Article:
How to Keep Your Pipes from Freezing
Frozen pipes are not something many people worry about in South Carolina, or anywhere in the deep south, for any good reason. Winters are typically mild and short, and opportunities for frozen pipes don’t often come up.
But with the changing weather and the increasingly-common ice events throughout North and South Carolina, it might be time to take some basic precautions to ensure that your pipes don’t burst. This is especially the case for older homes built before any plumbing codes would take cold weather and the like into account during the winter—many older homes and businesses in the Midlands often have exposed piping or improperly insulated pipes.
If you are worried about frozen pipes this year, then try some of these tips.
First: The Basics
We don’t blame you if you don’t really “get” how pipes freeze and burst. So here are some basics to keep track of if the temperature starts to drop.
- Watch out for low temperatures. Water freezes at 32 degrees Fahrenheit. Water in pipes might not freeze immediately at this temperature but know that if the ambient temperature drops below 32 degrees for a significant amount of time, then exposed pipes are at risk.
2. Watch out even more for high winds. The wind chill effect isn’t just a way to describe how much colder it feels… the functional temperature is actually lower during extreme wind. And when cold air continually blows across pipes, then freezing is much more likely to occur, and more rapidly.
3. Just because a pipe is inside a wall doesn’t mean that it is safe. Pipes located inside exterior walls are going to get colder then pipes inside the house, which means they are still at risk of freezing even though they aren’t directly affected by the outside environment.
The truth is that homes that regularly get colder weather will probably have plumbing codes that cover all the contingencies for that weather. And, older code standards will also have rules in place to prevent pipes from bursting in the cold weather. However, in more southern states, it isn’t uncommon for building built to spec with older protocols on hand to have un-insulated pipes, pipes running through un-insulated attics, or even having pipes running on the outside of a house.
How Significant is the Issue of Frozen Pipes?
Do you know how long it takes for pipes to freeze? There isn’t a hard answer for this, because so many factors come into play. But if the temperature is low enough and the wind strong enough (and the pipes exposed enough) then it can happen quickly, sometimes just after an overnight chill.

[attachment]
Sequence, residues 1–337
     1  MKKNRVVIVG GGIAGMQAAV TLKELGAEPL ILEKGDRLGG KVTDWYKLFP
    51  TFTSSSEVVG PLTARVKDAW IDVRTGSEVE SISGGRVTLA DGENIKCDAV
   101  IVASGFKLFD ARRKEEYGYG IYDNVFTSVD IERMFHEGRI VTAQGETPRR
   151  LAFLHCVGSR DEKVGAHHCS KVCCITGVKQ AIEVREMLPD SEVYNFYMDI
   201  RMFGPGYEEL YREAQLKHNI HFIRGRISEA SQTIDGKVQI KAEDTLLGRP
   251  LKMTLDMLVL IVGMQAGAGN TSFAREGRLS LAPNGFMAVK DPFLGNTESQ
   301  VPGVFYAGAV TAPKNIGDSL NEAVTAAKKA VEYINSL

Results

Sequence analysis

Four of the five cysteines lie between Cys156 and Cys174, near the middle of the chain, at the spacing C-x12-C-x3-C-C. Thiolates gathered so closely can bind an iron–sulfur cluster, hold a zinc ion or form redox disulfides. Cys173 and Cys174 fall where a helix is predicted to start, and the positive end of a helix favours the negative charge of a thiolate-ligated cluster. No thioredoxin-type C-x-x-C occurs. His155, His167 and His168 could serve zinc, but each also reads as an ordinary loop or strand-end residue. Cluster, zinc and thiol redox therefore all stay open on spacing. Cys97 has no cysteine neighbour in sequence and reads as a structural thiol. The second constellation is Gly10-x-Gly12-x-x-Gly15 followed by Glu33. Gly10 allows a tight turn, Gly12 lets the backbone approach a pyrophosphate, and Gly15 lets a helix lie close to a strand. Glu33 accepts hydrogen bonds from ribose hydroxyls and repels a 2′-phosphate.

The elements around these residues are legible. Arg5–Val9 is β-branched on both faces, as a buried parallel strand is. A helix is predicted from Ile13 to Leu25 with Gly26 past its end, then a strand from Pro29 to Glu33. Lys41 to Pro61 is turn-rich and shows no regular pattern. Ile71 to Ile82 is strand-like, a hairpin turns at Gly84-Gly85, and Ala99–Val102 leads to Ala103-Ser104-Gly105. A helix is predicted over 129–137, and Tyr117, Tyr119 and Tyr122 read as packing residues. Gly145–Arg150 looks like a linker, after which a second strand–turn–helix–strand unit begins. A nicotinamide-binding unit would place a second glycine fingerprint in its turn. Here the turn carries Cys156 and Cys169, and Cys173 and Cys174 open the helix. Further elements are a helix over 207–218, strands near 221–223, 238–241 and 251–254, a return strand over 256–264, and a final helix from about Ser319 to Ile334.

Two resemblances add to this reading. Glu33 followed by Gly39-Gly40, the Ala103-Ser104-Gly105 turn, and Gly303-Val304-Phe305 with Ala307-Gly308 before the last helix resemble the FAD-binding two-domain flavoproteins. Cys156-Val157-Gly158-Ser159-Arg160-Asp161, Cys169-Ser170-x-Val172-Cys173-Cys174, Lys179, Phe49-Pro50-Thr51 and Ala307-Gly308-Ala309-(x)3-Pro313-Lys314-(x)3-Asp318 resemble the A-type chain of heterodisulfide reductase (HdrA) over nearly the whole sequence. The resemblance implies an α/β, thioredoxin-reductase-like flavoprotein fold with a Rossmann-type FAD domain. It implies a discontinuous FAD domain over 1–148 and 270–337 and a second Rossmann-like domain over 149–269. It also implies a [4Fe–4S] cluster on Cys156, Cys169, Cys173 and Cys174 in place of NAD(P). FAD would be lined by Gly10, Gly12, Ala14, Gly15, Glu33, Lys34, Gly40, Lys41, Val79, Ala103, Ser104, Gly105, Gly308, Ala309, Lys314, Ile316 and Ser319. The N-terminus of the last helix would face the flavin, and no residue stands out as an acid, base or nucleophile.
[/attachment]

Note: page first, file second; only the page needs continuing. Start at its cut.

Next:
And once pipes freeze, they can, and often do, burst. A burst pipe in a wall can quickly destroy the sheet rock and any wooden fixtures like cabinets or drawers. Burst pipes aren’t always dramatic affairs where they gush out gallons of water, either: it might be the case that a burst pipe joint slowly pumps water into your wall and down through the wood, slowly rotting your walls from the inside out and causing more problems in the form of structural damage and mold.
Protect Your Home from Water Pipe Bursts with Proper Freeze Care
When pipes freeze, they burst, and frozen pipes are difficult to repair once they have already frozen. The Federal Emergency Management Agency (FEMA), citing a report from the Federal Alliance for Safe Homes (FLASH), suggests the “Foam, Dome, and Drip” approach.
- Foam. Coat your pipes with insulated foam. This cheap method of frozen pipe prevention can protect exposed pipes from cold air and temperatures and stop easily-preventable freezing. At the very least, any pipe directly exposed to air or in open, uninsulated areas (like attics or external walls) should be insulated.
- Dome. Put insulated domes (specially built for external fixtures) around outdoor faucets and spigots.
- Drip. Set the faucets on your lowest floor level to drip slowly. This releases pressure on pipes so that, in the case that they freeze, the pressure isn’t so much that they will burst. Furthermore, if water is continually moving through your piping system, then it is less likely overall that the pipes will freeze.
Don’t forget that the less your water is used, and the colder your house is, the more likely your exposed pipes might freeze. If you plan on going on a winter vacation, then don’t leave your water on. Shut the water off at the location where it enters your home (there should be a valve at that location) and drain the pipes by running the faucets at the lowest floor level of your home. This reduces chances of water pipes burst during freezing temperatures, releasing continual water into your home.
If you’re not sure about shutting off your water, then call your plumber and have them properly shut the water off.
Call the Professionals When It Comes to Prevention and Repair
If you are not sure about how to prevent frozen or burst pipes, then don’t try to handle the issue on your own. Your home’s plumbing isn’t something to make a weekend project.
Call your local plumber before the cold weather settles in. They can walk you through the steps you might want to take to protect your pipes. In fact, they may, for a visit fee, simply walk you through the basics of pipe insulation and protection without charging you an arm or leg. They can also walk you through the steps necessary to shut your water off for trips. Then, you can take care of your own basic freezing prevention… and call the plumber on when there is a major issue.